Category: lgbtqia history

[ID: Asexual History: From the Orchid to the Flag. A piece of cake with various shades of purple topped with rainbow sprinkles is to the right of the text.]

We’ve released another of our presentations over on Patreon, this time on asexual history. If you want access to content like this and more, become a patron today!

Florence Nightingale Part I

[Image Description: A black and white photograph of Florence Nightingale looking thoughtful.]

The memory of Florence Nightingale still ripples throughout Europe and North America. Documents about her life still exist and uphold her legacy; in many ways, she has become something of a mythological figure. Even in life, there was merchandise relating to her, but it’s taken on a new life in books, valentines, and even colouring pages. She’s remembered as a no-nonsense feminist icon, a tender motherly figure, the founding of modern-day nursing, and even the hero of nursery rhymes. Less discussed in the possibility that she was a lesbian and/or asexual. (Read full article)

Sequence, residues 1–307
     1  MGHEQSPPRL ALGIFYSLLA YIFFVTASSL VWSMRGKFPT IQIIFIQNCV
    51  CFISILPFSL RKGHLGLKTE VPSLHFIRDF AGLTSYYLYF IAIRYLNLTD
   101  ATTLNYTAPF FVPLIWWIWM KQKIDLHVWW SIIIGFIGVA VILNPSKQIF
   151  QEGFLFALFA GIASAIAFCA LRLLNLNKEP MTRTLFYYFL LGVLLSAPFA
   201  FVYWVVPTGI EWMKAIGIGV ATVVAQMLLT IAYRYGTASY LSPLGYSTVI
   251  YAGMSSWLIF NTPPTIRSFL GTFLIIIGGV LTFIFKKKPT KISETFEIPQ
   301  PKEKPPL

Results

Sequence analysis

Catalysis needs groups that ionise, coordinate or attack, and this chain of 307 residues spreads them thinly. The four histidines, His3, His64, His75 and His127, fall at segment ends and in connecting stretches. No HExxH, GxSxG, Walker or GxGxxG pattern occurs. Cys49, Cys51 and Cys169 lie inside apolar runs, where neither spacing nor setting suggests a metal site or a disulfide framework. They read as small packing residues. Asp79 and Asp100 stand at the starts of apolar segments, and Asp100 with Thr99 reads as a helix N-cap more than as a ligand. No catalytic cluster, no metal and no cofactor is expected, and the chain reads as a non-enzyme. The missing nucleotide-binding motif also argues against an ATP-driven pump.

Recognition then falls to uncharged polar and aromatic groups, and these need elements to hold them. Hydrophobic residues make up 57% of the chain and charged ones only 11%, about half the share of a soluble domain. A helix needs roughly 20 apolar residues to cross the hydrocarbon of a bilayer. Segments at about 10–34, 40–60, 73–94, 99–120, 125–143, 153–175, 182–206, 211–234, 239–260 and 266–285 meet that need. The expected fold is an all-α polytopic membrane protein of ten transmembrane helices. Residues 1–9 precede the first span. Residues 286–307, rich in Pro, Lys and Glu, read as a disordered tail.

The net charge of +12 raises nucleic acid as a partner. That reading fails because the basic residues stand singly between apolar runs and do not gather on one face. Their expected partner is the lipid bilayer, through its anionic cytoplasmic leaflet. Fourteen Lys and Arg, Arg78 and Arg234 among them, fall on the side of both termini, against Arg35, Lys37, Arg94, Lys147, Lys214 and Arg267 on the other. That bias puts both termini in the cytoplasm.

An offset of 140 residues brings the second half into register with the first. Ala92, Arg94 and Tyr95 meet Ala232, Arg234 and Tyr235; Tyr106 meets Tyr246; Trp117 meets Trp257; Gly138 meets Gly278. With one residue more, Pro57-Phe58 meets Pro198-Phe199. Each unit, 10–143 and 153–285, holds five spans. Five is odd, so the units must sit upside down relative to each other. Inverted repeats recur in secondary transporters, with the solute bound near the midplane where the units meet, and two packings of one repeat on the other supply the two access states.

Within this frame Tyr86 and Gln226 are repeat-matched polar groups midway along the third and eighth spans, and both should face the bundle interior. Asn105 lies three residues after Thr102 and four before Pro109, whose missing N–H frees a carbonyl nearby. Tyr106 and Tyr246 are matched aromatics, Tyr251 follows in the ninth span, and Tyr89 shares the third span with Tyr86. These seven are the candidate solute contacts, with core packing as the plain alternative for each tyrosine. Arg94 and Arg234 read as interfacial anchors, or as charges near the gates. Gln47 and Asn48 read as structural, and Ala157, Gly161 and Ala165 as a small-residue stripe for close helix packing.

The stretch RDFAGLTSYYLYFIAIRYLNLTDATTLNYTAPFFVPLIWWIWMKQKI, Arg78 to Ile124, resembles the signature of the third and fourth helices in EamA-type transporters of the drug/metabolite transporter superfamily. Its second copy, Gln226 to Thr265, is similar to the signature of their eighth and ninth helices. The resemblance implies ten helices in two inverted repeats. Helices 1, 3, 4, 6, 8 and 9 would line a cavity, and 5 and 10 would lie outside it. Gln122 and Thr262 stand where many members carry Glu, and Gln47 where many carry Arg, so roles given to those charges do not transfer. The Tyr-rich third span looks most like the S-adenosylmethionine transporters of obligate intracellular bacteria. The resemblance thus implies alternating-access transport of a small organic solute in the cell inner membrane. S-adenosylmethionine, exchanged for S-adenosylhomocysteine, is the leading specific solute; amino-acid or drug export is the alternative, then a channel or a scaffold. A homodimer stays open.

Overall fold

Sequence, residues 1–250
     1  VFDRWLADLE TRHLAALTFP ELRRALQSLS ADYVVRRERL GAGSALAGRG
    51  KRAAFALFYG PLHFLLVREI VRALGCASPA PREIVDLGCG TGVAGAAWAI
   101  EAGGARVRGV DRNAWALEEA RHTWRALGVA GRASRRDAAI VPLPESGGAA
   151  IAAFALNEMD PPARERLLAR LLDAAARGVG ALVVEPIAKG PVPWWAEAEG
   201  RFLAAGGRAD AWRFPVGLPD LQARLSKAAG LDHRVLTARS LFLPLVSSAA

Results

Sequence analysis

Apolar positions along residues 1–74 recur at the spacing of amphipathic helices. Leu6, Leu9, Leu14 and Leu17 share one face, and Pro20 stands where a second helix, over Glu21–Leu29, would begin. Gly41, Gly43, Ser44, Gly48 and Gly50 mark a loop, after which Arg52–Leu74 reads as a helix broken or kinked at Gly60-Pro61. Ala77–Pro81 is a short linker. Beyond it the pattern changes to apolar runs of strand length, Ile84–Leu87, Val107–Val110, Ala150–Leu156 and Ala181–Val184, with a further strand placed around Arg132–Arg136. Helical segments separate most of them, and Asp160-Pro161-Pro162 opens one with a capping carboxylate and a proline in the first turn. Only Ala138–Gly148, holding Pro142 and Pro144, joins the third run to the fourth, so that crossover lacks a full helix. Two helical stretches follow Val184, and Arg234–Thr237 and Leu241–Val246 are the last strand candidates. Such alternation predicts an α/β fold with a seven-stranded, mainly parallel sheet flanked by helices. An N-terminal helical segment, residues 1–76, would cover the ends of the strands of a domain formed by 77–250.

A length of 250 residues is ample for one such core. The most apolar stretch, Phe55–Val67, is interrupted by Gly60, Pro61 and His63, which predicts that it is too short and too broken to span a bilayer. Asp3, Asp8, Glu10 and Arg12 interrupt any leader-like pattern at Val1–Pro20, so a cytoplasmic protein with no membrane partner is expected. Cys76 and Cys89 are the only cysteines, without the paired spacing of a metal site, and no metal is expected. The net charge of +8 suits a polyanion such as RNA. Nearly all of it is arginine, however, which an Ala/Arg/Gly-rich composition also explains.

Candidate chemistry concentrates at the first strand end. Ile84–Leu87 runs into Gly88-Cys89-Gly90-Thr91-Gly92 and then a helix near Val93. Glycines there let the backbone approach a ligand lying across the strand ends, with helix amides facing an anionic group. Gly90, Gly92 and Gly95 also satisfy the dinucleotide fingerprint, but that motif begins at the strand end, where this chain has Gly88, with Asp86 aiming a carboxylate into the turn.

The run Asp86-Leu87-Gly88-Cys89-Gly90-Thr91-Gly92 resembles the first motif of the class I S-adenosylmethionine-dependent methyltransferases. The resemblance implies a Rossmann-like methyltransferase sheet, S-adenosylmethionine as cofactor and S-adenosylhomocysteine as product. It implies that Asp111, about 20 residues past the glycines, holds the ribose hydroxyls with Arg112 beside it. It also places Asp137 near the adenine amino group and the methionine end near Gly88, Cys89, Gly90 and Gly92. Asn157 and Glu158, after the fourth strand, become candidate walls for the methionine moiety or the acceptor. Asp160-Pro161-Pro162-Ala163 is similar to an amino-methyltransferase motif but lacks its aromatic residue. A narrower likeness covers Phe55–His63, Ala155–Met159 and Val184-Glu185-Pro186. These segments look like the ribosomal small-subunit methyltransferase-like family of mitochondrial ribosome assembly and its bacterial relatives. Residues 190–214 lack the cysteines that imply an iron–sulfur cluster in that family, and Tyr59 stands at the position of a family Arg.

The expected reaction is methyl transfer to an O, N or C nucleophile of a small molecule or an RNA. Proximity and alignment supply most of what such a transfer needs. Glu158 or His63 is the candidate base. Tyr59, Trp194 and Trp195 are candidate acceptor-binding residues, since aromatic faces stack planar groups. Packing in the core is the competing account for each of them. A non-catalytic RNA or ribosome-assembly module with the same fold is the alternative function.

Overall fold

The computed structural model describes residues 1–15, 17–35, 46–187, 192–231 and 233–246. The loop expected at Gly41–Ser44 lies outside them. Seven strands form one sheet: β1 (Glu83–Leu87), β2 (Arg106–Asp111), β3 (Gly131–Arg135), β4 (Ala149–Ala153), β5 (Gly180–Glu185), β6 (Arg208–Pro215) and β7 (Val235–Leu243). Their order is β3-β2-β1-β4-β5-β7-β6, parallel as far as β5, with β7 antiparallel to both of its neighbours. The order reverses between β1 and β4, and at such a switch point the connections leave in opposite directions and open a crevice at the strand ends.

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Queer Mythology in the Philippines

There is a long history of acceptance for queer people in the Philippines, dating all the way back to pre-Spanish colonization and conversion to Catholicism. In Filipino mythology, there was always a queer presence. 

Prior to colonization, the Philippines was a polytheistic nation. Deities differed between tribes and regions, and the myths included here were handed down generation after generation through oral tradition. (Read full article)